6. That was a great list, Andrew! Thanks for recommending it- I want to print it out and put it on my refrigerator!
    The best relationship advice I have ever rec'd actually came from my own dear husband when he said to me, "I am not a mind reader!"
    That hit me like a brick! I guess after being married for all these years (20) I just figured he knew exactly what I wanted or needed at exactly the time I wanted or needed it! The poor guy! I really laid a lot on him.
    So, I think what I am trying to say is just to be open up your communication with your spouse- talk about things. Don't sulk or dismiss... talk!

  7. Andrew..those C's. I think our problem is that we stopped dating and took each other for granted. I always think marriage is like a plant it needs to be watered and nurtured to grow.Compromise is the next big thing that needs looking into.

  8. This is a great post Andrew! hum, the best advised I heard was:” Always listen to each other, do not interrupt... just listen".

  9. Probably the best relationship advice I ever got was from the minister who married us. He said, "Marriage is never 50/50. It's 70/30 or 60/40. If you don't go into it with unrealistic expectations and you communicate with each other, that's what really makes for a lasting marriage."

    We took his advice to heart and I guess it's worked nicely. Hubby and I just celebrated our 24th anniversary in August. We sometimes communicate a little too *loudly*, but, boy do we communicate. And, we don't expect perfection out of each other or a perfect split of chores, etc.

  10. Hi Andrew (and thank YOU for visiting MY blog),
    I wanted to say quickly that the worst relationship advice was this: someone told me to cheat on my partner so that he'd become jealous, angry, and then realize he couldn't live without me. I would, in turn, have my partner eating out of the palm of hand. Needless to say, I did NOT cheat on my partner. Just idiotic. The best relationship advice I received was from my best friend who asked me "Are you happy?" When I answered yes, she said, "Good, you answered in under three seconds. You're relationship is still good." I thought that made a lot of sense.
    Anyway, Hope you have a great Thursday
    (and I hope gay relationships are admissable through your very insightful blog)

  11. I will have to take a look at the post you linked to and get back to you. I'm particularly interested in this because I had considered writing a post sometime about what "real life" marriage is like for me. I thought it would be interesting to compare my marriage to the stereotypical fantasy of the ideal marriage. But I'm not sure if I will write that post or not (might feel too personal or private). But I will read the one you mention and see if I do have any comments. Nice blog, this is my first visit, after reading your comment on my site. Thanks.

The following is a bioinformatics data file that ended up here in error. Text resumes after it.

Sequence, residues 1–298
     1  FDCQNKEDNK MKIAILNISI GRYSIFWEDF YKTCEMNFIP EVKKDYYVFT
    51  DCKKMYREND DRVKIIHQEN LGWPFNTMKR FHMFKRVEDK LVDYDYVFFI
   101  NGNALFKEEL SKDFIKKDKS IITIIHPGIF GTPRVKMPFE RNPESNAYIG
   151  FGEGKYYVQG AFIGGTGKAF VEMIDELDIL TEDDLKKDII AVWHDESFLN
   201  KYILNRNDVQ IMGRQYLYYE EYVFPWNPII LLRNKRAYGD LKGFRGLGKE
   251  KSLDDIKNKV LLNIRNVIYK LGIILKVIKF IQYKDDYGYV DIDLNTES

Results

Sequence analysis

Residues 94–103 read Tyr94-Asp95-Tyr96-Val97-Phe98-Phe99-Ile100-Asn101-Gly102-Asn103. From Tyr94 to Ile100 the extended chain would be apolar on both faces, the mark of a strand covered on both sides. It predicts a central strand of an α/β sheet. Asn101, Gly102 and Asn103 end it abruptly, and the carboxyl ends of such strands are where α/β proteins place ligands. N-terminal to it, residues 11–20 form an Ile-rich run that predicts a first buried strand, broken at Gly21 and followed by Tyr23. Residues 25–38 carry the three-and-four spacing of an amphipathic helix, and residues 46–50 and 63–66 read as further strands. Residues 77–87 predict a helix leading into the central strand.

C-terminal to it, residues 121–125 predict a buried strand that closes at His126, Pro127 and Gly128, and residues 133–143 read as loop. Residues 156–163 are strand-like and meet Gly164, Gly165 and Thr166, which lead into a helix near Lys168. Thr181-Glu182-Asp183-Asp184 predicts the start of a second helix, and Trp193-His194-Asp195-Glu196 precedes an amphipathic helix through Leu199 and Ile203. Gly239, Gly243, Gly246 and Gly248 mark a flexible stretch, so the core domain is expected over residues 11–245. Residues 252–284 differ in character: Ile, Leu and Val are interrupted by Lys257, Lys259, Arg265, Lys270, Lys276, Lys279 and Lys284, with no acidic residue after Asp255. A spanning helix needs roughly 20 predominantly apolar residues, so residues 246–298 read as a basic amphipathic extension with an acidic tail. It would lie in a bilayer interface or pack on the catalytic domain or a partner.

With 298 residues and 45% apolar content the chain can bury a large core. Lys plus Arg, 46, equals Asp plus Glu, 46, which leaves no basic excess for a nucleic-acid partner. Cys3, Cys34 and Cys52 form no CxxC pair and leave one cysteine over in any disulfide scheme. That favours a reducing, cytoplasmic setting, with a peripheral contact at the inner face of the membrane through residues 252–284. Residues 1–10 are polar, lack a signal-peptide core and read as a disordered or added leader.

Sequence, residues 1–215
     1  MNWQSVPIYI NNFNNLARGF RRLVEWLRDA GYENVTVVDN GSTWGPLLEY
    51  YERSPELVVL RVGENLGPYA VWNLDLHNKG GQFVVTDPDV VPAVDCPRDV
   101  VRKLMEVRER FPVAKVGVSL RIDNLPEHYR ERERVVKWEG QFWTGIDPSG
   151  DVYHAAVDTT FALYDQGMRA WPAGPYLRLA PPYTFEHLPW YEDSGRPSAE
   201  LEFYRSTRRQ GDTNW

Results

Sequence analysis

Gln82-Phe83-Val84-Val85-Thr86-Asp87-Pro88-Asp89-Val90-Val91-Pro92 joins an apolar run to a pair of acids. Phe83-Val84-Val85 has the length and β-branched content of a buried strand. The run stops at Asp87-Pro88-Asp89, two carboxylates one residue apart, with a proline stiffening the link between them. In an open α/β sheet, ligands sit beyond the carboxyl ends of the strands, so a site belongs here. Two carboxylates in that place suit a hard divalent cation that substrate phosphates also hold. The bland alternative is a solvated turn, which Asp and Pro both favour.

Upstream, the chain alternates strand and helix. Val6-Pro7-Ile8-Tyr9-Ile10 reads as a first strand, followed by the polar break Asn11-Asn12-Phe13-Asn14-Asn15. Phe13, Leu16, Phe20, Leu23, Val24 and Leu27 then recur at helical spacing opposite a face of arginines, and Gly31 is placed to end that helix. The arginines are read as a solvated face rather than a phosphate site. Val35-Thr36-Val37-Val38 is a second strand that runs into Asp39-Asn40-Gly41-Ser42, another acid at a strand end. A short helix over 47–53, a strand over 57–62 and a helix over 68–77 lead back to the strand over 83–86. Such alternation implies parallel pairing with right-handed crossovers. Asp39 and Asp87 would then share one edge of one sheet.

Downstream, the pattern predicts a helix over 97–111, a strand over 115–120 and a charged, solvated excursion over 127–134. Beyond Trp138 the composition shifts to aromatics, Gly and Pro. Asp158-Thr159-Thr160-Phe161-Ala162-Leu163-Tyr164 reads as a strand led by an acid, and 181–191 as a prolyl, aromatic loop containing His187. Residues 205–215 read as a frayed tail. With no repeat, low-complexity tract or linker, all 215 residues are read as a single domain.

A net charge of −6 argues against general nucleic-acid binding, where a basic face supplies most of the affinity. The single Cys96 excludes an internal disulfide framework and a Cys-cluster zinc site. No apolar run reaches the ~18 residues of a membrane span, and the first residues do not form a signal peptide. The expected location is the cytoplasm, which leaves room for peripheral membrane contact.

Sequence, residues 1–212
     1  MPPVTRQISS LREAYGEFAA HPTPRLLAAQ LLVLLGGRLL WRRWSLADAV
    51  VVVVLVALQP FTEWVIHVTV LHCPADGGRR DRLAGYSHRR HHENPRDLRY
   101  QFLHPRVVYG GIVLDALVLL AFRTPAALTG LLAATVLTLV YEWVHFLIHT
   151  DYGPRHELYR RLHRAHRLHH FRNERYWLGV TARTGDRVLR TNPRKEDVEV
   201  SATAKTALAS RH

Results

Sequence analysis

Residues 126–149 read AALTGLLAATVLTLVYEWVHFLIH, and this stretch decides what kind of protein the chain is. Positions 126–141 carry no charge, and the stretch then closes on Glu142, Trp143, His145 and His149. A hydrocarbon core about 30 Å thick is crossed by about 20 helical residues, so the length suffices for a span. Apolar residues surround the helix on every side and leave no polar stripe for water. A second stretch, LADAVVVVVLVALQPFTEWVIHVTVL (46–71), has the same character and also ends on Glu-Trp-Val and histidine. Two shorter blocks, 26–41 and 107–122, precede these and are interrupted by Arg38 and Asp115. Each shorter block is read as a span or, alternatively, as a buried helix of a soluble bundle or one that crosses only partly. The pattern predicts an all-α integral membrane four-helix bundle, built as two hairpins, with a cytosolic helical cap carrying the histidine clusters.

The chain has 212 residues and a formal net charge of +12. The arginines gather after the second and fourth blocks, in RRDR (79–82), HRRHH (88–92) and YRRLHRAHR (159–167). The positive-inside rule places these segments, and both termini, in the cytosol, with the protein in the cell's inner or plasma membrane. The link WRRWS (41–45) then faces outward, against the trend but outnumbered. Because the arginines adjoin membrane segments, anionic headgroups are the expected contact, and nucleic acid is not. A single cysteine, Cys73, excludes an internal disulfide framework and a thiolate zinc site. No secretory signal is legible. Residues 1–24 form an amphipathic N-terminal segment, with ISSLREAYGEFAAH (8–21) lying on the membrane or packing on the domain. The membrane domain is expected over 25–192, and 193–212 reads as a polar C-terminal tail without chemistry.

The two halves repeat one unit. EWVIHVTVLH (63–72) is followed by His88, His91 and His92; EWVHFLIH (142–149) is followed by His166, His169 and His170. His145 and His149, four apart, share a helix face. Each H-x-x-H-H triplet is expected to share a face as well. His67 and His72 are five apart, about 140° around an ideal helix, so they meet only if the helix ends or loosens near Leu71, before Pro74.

12. Those tips were all good. I only want to say don't take each other for granted is a very important one--that's the advice my mother gave us on our wedding day.

    And my two cents: put the other's needs not ahead of, but equal to and actually sometimes ahead of your own. If you get joy from making your spouse happy even when it might not be the easiest thing for you (that's what I mean by putting their needs first sometines) and supporting him or her, your relationship will thrive (as long as your spouse does the same for you).

    (Sorry for writing twice on one post!)

  13. I beg to offer up one more "C" ~ Communication. With mutual respect and consideration, and plenty of communication, I believe the sky's the limit.

    I got lots of good advice over the years to help keep me married. Unfortunately, I was staying married to the wrong man.

  14. "Caring", "Commitment", and "Compromise"..and "Never stop Dating" sounds like excellent advice to me.
    Best relatdvice: never take each other for granted...may sound cliche, but I believe it encompasses the authors points.
    Worst relationship advice: You can never be too considerate of your mate. This may sound great in theory, but when you put it into practice, one becomes less aware of self, and so others focused, that the individual is lost. Trust me on this one.

  15. That was a great post.I think the three C's sum up a good marriage rather well.But then compromise cannot be one sided.A 60:40 or even 70:30 may be okay but beyond that the words compromise and adjustment don't mean much.
    Andrew, I requet you to read 'A Saved Marriage in my blog posted in June '06 and comment.